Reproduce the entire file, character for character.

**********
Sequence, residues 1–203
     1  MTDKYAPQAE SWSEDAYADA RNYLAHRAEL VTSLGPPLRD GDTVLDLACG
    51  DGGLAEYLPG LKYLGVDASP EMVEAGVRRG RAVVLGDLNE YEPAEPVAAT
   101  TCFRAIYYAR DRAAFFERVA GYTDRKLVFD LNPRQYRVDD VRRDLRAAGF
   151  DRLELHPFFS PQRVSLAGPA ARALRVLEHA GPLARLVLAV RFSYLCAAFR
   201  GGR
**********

Sequence, residues 1–203
     1  MTDKYAPQAE SWSEDAYADA RNYLAHRAEL VTSLGPPLRD GDTVLDLACG
    51  DGGLAEYLPG LKYLGVDASP EMVEAGVRRG RAVVLGDLNE YEPAEPVAAT
   101  TCFRAIYYAR DRAAFFERVA GYTDRKLVFD LNPRQYRVDD VRRDLRAAGF
   151  DRLELHPFFS PQRVSLAGPA ARALRVLEHA GPLARLVLAV RFSYLCAAFR
   201  GGR